norween is offline  
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Aug 22nd, 2006, 12:56 AM
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Some advice from the Perigord (Dordogne) where we make and eat a lot of foie gras.

Before you start your recipe, you should check what kind of 'canned foie gras' you have. Foie gras comes in varying levels and prices.

Entier is a whole piece, and is usually in a glass jar, often with a fair amount of goose/duck fat.

Bloc is still all foie gras but chopped/emulsified so that it looks more appealing to those who dont like the idea of the fat. Still tastes good.

Pate de foie gras actually has pork in it. Although many English speakers call all foie gras 'pate' a French person would not.

Finally, if you do have something called Mousse, it has a small proportion of foie gras and a lot of filler.I would not consider mousse as foie gras, and it shouldn't be served the same way.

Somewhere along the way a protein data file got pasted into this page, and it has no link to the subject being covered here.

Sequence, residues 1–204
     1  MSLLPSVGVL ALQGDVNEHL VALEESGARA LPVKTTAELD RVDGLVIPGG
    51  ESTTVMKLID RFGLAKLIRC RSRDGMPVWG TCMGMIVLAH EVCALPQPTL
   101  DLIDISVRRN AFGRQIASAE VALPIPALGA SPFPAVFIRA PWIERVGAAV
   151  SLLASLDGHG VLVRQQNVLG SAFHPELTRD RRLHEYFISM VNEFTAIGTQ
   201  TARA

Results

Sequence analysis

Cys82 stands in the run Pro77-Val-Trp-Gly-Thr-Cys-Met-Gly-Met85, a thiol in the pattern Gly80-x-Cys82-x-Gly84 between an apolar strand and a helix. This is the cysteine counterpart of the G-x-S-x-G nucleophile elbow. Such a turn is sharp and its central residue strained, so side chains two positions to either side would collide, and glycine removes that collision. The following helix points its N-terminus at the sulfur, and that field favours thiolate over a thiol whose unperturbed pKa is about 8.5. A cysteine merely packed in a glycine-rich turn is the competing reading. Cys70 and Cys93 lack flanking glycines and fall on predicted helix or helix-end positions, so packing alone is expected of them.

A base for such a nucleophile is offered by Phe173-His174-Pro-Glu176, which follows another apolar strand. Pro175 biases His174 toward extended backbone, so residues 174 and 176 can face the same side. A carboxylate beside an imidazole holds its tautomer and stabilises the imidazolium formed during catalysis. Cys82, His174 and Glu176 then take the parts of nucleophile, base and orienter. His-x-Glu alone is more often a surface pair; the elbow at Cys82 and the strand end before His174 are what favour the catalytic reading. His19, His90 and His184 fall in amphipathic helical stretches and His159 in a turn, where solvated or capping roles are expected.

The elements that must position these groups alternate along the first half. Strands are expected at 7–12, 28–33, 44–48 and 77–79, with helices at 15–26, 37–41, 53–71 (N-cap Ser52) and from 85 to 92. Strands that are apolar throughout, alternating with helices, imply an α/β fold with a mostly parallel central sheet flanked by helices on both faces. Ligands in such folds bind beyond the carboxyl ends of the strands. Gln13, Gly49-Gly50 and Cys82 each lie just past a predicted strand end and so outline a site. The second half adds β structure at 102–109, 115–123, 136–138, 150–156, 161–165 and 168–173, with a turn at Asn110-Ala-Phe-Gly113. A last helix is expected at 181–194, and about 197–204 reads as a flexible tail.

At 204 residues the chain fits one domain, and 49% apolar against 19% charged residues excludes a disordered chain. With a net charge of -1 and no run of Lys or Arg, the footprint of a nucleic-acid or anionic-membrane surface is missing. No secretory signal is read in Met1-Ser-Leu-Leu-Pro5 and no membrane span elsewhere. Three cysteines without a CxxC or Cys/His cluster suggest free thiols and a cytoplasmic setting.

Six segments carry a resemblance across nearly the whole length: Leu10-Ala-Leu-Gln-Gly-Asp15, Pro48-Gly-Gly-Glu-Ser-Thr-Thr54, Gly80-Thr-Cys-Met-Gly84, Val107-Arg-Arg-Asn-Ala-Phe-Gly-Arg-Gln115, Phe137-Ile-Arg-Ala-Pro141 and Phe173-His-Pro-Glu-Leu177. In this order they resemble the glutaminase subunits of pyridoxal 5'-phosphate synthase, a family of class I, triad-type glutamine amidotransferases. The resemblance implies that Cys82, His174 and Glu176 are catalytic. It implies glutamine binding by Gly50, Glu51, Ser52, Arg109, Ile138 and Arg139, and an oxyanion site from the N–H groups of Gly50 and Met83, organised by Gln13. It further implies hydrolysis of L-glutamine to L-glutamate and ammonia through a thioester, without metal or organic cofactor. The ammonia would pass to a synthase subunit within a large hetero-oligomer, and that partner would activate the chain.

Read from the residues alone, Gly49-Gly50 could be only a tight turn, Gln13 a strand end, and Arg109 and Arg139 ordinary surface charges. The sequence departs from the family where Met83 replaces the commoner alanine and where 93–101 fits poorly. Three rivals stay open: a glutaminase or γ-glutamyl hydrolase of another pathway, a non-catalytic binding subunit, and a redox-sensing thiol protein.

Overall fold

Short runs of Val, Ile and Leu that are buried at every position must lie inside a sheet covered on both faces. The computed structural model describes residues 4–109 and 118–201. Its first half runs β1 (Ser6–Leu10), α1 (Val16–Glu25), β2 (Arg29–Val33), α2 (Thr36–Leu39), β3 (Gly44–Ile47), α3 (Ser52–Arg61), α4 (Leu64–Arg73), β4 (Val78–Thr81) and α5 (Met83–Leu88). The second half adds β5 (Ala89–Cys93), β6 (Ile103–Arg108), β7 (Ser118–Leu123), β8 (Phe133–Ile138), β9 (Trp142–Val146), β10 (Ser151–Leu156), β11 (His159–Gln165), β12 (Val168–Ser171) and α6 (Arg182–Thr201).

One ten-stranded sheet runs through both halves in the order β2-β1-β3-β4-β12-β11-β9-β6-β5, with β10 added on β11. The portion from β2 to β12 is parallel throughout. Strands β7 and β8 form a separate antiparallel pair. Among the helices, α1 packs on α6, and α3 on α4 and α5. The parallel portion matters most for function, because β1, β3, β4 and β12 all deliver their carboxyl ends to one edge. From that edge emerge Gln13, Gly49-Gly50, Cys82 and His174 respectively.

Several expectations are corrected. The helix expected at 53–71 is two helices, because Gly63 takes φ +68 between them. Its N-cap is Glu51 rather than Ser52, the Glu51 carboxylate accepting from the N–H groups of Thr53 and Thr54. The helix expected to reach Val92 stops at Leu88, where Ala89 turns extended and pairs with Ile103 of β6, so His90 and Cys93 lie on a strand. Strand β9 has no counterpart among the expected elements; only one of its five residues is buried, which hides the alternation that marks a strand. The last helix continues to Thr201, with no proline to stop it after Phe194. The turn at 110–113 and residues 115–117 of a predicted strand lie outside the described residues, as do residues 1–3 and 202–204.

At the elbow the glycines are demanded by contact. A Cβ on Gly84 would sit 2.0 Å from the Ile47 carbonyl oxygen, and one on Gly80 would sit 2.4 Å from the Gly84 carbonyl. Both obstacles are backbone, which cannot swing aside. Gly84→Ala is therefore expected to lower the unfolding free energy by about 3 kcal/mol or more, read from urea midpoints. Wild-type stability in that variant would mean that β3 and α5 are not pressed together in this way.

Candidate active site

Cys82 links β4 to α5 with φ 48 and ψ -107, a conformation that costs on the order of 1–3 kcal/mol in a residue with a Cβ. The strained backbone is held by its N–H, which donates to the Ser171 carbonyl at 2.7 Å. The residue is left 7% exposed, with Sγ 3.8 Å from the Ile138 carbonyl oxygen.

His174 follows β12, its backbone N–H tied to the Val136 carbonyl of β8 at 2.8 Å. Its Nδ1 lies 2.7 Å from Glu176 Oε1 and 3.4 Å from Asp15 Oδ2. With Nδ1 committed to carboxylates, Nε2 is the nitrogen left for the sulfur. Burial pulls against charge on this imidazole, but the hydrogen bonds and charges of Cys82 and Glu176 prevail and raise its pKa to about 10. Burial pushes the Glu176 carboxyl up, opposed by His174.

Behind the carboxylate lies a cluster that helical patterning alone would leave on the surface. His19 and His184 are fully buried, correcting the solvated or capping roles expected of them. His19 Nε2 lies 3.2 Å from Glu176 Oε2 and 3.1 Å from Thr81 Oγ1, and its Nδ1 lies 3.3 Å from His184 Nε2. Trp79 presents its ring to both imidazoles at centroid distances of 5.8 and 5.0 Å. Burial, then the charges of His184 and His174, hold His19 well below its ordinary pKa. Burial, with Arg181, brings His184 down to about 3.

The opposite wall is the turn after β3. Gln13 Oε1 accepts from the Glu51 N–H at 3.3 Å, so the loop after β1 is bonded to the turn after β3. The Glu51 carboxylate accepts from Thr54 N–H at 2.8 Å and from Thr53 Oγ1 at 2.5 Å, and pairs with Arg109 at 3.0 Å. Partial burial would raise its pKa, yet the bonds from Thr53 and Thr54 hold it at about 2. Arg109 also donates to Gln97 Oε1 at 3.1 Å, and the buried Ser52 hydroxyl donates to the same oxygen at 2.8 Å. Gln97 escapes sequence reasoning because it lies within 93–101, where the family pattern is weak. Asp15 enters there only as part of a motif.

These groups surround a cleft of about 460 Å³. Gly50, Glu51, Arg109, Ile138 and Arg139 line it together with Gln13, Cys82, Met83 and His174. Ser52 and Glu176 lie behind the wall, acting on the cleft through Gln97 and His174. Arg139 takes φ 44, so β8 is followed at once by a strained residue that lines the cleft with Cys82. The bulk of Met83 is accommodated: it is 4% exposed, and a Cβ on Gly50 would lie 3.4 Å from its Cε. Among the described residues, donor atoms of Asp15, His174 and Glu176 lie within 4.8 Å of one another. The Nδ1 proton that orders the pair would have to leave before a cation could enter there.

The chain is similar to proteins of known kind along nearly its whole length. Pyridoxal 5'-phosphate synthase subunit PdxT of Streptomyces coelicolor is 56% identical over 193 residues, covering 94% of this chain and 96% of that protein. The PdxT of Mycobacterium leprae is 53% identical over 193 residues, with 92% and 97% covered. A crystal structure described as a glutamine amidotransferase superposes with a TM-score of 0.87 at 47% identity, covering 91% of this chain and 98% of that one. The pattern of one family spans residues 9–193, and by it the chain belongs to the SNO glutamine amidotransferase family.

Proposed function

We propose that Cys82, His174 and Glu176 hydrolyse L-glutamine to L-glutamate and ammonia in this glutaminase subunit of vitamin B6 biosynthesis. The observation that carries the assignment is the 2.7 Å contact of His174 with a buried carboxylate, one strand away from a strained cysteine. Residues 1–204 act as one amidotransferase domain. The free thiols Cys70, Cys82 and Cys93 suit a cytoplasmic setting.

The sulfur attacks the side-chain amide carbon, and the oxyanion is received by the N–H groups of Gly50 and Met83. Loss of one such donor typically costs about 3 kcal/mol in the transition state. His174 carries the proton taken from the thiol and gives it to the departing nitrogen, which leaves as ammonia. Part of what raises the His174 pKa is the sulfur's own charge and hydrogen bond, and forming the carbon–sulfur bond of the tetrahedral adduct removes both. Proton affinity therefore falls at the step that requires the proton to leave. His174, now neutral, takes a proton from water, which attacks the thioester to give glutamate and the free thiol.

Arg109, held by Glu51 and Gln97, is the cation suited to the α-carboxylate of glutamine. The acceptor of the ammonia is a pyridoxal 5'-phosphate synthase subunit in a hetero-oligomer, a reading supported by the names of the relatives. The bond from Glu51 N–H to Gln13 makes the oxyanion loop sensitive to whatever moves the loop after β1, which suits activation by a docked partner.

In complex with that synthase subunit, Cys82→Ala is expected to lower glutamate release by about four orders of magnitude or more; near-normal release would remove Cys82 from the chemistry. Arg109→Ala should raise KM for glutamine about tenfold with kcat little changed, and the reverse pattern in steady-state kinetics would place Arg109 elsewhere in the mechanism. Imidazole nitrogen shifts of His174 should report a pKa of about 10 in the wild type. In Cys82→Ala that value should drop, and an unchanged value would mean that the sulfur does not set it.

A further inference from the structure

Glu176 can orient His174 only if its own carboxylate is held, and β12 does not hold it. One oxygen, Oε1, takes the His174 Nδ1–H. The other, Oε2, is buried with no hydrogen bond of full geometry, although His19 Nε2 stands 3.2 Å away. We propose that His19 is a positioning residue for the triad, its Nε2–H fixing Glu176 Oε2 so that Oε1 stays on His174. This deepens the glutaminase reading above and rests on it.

If you do have the Entier, or even Bloc, it is great just sliced on a plate with very lightly toasted white bread - dark often has too strong a taste. Perhaps with a bit of onion confit or a fruit confit jam on the side.

If your foie gras looks like cat food, perhaps you haven't served it at the right temperature. It should be cool, though not so cold that you can't taste it. Usually an hour or so in the fridge before you serve it will get it cool enough. You want to be able to slice it nicely (dip your knife in hot water to help with this.)

Finally, although many North Americans aren't fond of sweet wine, foie gras really is good with a glass of Monbazillac, a sweet wine from near Bergerac.

If you want an English language cookbook with foie gras and other regional southwest France cookbooks, two great ones are Paula Wolfert's The Cooking of SOuthwest France, and Jeanne Strang, Goose Fat and Garlic.

Bon apetit!
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Aug 22nd, 2006, 01:02 AM
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I once had this starter made with chicken liver pate but foie gras would be even better.